As expected, the proposals from the business tax working group to lower the company tax rate in Australia from 30% to 25% has produced the usual chorus of selfishness and magic puddingness from business groups.
The discussion paper released yesterday suggests that cutting corporate tax to 25% over four years would cost about $26 billion, but financing that by reducing or eliminating several business tax breaks would save at best $10 billion. Two significant taxes or concessions were outside the committee’s remit, the GST and dividend imputation.
But from the reaction to the discussion paper from business groups, as reported this morning in their two main newsletters The Australian Financial Review and The Australian, the proposals won’t fly because business doesn’t want to give up any of their corporate welfare and want others to pay the cost of their tax cuts (such as increasing the GST, despite it being outside the inquiry).
So we got ”business furious at plan to axe tax breaks” from The Australian (must have been a bad night after the paper’s editor-in-chief, Chris Mitchell, yesterday reneged on the no retrenchments line and announced plans to call for 20 volunteers). That headline and much of the story was just wrong. There’s no plan to “axe” anything. It is a discussion paper that calls for responses from business and others (and responses that have to be far more considered than what we saw yesterday from the likes of the Australian Industry Group, the property lobby, the Minerals Council and the Business Council. While The AFR reported these moans, it was slightly less hysterical than The Oz, pointing out the idea was “dead on arrival”. It also ignored the point that it was a discussion paper, so the process hadn’t left the station.
Get Crikey FREE to your inbox every weekday morning with the Crikey Worm.
Business though didn’t like the idea of being forced, by the terms of reference for the inquiry, to provide ideas to make the tax cut self-funding: that is, business has to give up lurks and perks to get a bigger reduction in the company tax rate. That’s the source of much of the angst. Have you ever met a business lobby that will willingly give up a perk in the name of the greater national good? There seems to be an idea in business (similar to that in wide sections of the trade union movement and among many in the social welfare lobby) that there is a huge magic pudding containing all the money needed to meet everyone’s needs and demands.
Reform is always about change involving winners and losers. Business wants to be winners, and ignores the costs of its changes that are paid by others in the community. Complicating matters was the political decision by Wayne Swan to leave the GST and dividend imputation out of the inquiry. Superannuation (and the huge advantages that accrue to superannuants, especially wealthy ones) only gets a passing reference. But it is clear from the working paper that the impact of the tax cuts and possible changes to pay for them, will have a dramatic impact on the $1.3 trillion super industry.
In fact it is clear from the paper that not much is known about the way the super industry (which is Australia’s most valuable pool of savings) intersects with business taxes in their various forms. You could ask does the size of the super industry inhabit the reform process by basically being the biggest single collection of potentials losers (and possibly winners) from any change?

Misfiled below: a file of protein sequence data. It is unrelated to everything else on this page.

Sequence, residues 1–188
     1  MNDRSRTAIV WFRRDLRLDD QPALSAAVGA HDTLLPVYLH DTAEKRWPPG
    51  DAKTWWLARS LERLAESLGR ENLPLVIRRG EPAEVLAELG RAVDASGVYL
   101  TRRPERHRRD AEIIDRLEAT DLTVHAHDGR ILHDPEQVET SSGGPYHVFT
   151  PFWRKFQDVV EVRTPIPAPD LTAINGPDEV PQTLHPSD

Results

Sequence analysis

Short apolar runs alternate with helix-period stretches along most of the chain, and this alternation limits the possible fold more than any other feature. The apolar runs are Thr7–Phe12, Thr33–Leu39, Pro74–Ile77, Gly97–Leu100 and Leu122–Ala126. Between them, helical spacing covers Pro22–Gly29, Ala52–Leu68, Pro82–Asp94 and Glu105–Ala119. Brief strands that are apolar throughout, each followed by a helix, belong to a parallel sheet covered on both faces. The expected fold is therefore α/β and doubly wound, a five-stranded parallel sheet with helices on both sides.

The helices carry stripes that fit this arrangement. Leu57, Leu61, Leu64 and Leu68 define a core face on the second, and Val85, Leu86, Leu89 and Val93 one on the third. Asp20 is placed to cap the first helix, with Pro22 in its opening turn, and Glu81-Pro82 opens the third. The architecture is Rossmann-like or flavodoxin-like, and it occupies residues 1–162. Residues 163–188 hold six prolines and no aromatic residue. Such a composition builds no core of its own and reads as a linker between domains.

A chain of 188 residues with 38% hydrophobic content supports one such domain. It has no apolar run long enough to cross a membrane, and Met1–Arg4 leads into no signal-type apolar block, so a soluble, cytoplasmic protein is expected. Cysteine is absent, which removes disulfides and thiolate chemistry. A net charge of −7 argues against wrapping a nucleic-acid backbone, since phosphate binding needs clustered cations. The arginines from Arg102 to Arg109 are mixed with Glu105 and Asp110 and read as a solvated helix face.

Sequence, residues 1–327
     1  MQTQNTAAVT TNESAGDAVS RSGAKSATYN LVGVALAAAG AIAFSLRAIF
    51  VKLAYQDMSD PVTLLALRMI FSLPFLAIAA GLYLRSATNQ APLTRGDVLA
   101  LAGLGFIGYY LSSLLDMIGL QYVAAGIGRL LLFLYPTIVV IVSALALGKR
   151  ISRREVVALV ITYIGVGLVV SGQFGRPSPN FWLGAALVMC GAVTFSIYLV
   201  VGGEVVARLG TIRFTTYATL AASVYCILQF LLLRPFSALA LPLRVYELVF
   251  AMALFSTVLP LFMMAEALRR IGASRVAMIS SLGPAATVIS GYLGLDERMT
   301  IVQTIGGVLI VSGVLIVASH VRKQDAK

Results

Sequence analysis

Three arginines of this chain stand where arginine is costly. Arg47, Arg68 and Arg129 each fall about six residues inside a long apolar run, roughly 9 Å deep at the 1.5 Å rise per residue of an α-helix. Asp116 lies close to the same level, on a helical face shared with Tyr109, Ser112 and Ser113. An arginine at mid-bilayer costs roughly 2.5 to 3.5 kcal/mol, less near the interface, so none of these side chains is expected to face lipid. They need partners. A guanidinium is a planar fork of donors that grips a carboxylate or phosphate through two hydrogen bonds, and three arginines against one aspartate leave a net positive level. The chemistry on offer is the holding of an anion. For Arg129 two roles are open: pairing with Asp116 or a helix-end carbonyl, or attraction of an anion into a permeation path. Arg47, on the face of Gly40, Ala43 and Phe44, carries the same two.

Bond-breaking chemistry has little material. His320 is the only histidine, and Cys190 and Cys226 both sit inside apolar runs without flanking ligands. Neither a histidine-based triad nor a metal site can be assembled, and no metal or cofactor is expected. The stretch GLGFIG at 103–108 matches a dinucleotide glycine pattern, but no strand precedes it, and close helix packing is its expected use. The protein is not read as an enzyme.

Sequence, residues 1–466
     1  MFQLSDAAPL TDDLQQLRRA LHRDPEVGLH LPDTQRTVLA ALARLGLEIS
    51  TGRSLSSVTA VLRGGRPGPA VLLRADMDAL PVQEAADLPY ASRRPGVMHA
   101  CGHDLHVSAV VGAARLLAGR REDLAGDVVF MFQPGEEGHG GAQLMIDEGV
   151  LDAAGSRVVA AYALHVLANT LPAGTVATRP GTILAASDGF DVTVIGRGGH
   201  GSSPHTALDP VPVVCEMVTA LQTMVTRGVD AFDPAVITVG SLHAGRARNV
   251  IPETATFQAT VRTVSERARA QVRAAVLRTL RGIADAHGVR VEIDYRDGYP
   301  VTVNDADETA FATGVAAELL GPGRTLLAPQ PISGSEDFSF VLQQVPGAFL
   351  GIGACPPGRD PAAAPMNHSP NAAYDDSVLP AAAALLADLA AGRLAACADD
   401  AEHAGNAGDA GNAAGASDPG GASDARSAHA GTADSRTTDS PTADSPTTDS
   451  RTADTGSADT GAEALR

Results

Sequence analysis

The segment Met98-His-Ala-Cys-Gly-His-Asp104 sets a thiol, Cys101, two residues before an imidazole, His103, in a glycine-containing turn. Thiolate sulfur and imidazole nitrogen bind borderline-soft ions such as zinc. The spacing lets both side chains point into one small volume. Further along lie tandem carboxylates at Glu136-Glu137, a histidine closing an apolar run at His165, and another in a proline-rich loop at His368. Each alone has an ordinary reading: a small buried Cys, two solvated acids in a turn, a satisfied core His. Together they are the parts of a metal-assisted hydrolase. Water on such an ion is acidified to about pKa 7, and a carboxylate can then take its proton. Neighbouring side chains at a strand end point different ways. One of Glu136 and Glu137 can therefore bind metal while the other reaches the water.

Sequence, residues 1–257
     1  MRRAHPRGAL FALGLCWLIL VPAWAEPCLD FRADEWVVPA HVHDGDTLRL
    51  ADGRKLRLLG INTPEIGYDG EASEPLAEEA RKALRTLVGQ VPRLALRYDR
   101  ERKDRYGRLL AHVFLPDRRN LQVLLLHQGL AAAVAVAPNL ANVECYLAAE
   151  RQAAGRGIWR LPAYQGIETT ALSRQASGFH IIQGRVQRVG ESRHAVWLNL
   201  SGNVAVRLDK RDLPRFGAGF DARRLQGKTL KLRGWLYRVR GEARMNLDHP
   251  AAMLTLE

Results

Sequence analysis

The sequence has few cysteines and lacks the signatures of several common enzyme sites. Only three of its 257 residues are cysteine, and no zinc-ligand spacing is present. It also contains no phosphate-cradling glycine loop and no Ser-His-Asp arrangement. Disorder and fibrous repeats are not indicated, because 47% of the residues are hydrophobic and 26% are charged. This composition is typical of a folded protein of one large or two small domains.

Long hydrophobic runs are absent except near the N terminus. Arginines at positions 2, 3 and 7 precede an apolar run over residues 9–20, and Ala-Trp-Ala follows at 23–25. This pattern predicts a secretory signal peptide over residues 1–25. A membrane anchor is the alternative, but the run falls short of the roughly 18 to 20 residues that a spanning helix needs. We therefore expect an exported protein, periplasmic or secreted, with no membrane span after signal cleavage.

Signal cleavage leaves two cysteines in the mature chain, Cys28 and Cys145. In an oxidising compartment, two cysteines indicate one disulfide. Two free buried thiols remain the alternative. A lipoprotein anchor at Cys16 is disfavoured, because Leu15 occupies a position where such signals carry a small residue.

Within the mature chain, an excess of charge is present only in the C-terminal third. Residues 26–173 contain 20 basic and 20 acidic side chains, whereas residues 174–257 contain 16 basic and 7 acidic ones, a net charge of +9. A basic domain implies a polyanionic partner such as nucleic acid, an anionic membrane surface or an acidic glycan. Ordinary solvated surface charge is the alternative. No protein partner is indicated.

It was a strange (again, political) decision of Swan to leave dividend imputation out of the inquiry, even though, as the working paper says, it is outside the business taxation regime. From what is explained in the working paper, the superannuation industry will be impacted by anything other than a minor fiddle at the margins of business taxation. For example, dividend imputations helps super managers to cut their tax, some to close to zero. Get rid of that and they pay more, but returns to clients would be cut.
But a few years ago economist Nick Gruen wrote in Crikey that abolishing dividend imputation could fund the cut in the company tax rate from 30% to about 19%. He said in 2008 that imputation cost (then) $20 billion, “doesn’t lower the cost of capital to our firms and so it’s a simple ‘windfall’ transfer to domestic shareholders”.
Business ignored this and other arguments that might have started a decent discussion and the need for a broader inquiry, and stuck to the messages of “no” and “moan loudly”. They ignored the overriding principle of the inquiry, which was explained in yesterday’s paper:
“A broader corporate tax base could enhance the quality of investment within Australia by minimising the extent to which business decisions are distorted by the different tax treatment of investments or activities. A broad tax base is associated with minimal tax deductions and concessions, and would ideally involve taxing all forms of income associated with business activity consistently.”
And then there was this major point conveniently ignored in the glib moaning from the various parts of the lobby:
“It is inevitable that a company tax rate cut funded through measures that broaden the corporate tax base will generally involve a redistribution from those who benefit from existing concessions to the broader corporate taxpaying base, at least in the short term. It is often easier to identify those who stand to lose from base broadening measures, compared to those who stand to gain (perhaps marginally) by a lower corporate tax rate.”
In other words, in the end business doesn’t pay, others do — customers, labour and the community generally. As the authors of the report noted.
The terms of reference of the working party were not broad enough for a meaningful inquiry and recommendations. It could still have been widened, without including the GST.